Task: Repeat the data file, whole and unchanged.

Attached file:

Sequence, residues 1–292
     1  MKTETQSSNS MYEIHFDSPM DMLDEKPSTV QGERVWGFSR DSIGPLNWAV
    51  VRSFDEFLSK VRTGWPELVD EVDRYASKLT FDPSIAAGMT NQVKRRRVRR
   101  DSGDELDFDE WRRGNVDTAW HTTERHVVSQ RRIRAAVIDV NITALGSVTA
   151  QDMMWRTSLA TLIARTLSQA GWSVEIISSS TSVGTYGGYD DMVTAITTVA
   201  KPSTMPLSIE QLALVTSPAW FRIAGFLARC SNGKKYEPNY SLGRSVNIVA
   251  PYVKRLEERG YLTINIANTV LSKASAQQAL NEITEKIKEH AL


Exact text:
Sequence, residues 1–292
     1  MKTETQSSNS MYEIHFDSPM DMLDEKPSTV QGERVWGFSR DSIGPLNWAV
    51  VRSFDEFLSK VRTGWPELVD EVDRYASKLT FDPSIAAGMT NQVKRRRVRR
   101  DSGDELDFDE WRRGNVDTAW HTTERHVVSQ RRIRAAVIDV NITALGSVTA
   151  QDMMWRTSLA TLIARTLSQA GWSVEIISSS TSVGTYGGYD DMVTAITTVA
   201  KPSTMPLSIE QLALVTSPAW FRIAGFLARC SNGKKYEPNY SLGRSVNIVA
   251  PYVKRLEERG YLTINIANTV LSKASAQQAL NEITEKIKEH AL